7 Ways For Kids to Get Active in Goshen

With a plethora of parks and play places, kids and families in Goshen have no shortage of options for ways to get outside and get moving. 

1

Partake of the parks

Goshen’s many parks are brimming with fun and fitness opportunities. Ox Bow Park includes volleyball courts, horseshoe pits, playgrounds, a bike trail, athletic fields, and an 18-hole disc golf course. During the wintertime, it has trails for cross-country skiing and two sledding hills. During our windy Indiana springs, don’t miss the high-flying kites above the park and their determined pilots on the ground! Ox Bow is also home to educational programs in which children can learn about wildlife, animal habitats, wetlands, and much more. The 14-acre Pringle Park includes sandlots for volleyball and soccer fields. Pringle Park also features a crushed-stone perimeter path ideal for walking, running, and bicycling. Named for the Maple City’s last mayor, Allan J. Kauffman Park includes an interactive art and music play area, a hill slide, lookout towers, open play spaces, a climbing wall, and trails. In 2015, the Indiana Park and Recreation Association honored the park with its award for exceptional park design.
Runners enjoy the Millrace Nature Trail. Photo credit: Lynne Zehr
Shanklin Park has a community pool for cooling off during the summertime. It’s also a popular spot for lap swimmers. For kids who prefer to stay dry, Shanklin’s Tommy’s Kids Castle is a playground with room to romp. Kids and adults alike can stay fit at Goshen’s 100-acre Fidler Park Pond. The park features a bike/pedestrian trail, along with canoe, kayak, and pedal boat rentals. Feeling competitive? Have a boat race and paddle or pedal your way across the pond. First one to the other side wins!
2

Give it the ol’ college try

Students compete in the GCS elementary basketball league. Photo credit: Lynne Zehr
Goshen College offers a variety of summer athletic camps for kids. The camps are designed to sharpen children’s sports skills, and also instill a sense of teamwork and the importance of being physically active. Is your child enthusiastic about soccer, volleyball, and/or basketball? Committed coaches at GC teach the fundamentals and make sure kids have fun at the same time.
3

Stay fit at the fair

The Elkhart County 4-H Fair is a community tradition that draws tens of thousands of visitors every summer to the fairgrounds just east of Goshen. The annual festival features rides, concerts, 4-H exhibits, and much more. “Wait a minute,” you say. “Don’t they sell fried dough there?” Well, yes. However, the fair has opportunities for physical fitness, too. For one thing, walking the fairgrounds to see all there is to see is great exercise. There’s also Kids’ Day. Held the Wednesday of fair week in Heritage Park, the event includes activities for kids including a Big Bouncy Ball Race, a Giant Inflatable Wheel Race, and a Watermelon Roll. After all that exercise, it’s probably OK to have a little fried dough.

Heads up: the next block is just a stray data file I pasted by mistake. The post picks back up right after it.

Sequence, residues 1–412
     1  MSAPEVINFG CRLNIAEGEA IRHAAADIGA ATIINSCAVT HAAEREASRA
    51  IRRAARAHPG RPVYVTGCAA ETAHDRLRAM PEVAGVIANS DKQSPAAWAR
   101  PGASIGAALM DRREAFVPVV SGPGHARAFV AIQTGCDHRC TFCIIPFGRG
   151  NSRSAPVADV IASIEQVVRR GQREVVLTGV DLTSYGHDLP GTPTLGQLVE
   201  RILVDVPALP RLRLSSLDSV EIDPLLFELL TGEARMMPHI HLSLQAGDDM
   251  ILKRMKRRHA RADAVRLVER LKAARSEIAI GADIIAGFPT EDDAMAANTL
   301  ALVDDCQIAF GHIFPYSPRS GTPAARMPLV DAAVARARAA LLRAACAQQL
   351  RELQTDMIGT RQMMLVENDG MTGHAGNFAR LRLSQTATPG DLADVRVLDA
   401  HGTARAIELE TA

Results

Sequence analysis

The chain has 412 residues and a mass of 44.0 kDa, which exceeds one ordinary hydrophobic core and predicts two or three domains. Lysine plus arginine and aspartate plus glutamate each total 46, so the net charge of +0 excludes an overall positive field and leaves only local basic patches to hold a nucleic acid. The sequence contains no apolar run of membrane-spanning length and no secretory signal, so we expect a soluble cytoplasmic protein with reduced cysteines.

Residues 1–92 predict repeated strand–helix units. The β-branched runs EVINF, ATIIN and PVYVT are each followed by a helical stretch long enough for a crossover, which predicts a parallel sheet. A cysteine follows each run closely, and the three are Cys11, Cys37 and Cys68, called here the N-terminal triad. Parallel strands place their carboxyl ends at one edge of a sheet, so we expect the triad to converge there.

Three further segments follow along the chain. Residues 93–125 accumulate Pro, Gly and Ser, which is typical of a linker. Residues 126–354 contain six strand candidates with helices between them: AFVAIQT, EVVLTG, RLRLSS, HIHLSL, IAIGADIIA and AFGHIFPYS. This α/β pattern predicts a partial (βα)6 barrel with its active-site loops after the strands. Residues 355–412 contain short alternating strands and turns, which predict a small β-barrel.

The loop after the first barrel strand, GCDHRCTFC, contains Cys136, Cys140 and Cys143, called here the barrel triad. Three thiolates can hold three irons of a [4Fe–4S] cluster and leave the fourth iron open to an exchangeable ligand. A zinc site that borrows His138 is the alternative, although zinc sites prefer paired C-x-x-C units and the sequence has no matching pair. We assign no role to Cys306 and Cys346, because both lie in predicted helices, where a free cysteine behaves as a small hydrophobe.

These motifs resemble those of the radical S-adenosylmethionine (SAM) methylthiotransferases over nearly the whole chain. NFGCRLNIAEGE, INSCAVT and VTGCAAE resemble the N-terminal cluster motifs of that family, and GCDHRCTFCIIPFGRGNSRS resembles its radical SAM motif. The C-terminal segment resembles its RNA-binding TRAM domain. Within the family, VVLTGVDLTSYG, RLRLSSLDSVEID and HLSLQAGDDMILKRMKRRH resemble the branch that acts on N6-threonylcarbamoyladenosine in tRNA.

Families enter the Elkhart County 4-H Fair for Kids’ Day.
Photo provided by the Elkhart County 4-H Fair
4

Run the halls

Students run the halls. Photo credit: Sam Householder, The Goshen News
Goshen Health promotes “Run the Halls” events in nearly 30 local schools as part of its Community Wellness and Education (CWE) program. Run the Halls is designed to get children running, hopping, jumping, and just being active. You can read about how much fun Waterford Elementary Schools students have with the program here. So run in the halls, kids! Well, sometimes.
5

Get up and GOshen!

There’s riding a bike, and then there’s riding a bike with pizzazz. Kids can do exactly that – and enjoy some exercise at the same time – during Get Up and GOshen. Sponsored by Goshen Health, Get Up and GOshen takes place every June at Shanklin Park. It features a bike ride, as well as a bicycle obstacle course that makes cycling fun AND challenging! The event also includes games, interactive learning stations, and other activities.
Students compete in the Goshen Kids + Teens Triathlon.
Photo credit: goshenkidsandteenstriathlon.com
6

Try a triathlon

Students compete in the Goshen Kids and Teens Triathlon.
Photo credit: goshenkidsandteenstriathlon.com
Every year, young people try their best at the Kerry’s Kids Kids’ and Teens’ Triathlon at Shanklin Park. Competitors begin with a swimming contest before progressing to a bike route and a run. Adults can get in on the fun, too! Parents are invited to participate with their children during the run portion of the triathlon. The triathlon is open to anyone ages 5 to 18. And while most of the athletes are from the Goshen area, the 2017 event drew more than 300 participants from 24 different cities and towns.
7

It’s elementary

Goshen students also learn sports fundamentals through Goshen Community Schools’ elementary sports programs, and they learn from great teachers. In addition to paid coaches, the program utilizes community volunteers and high school- through college-aged athletes. Almost every high school sport has an elementary coordinator, except for sports that have a well-established community youth program, such as Little League baseball and softball.
Runners sprint down the track Goshen High School. Photo credit: Lynne Zehr
The End!
Editors • Scott Weisser, Liz Shenk
Web Design • Ben Stutzman

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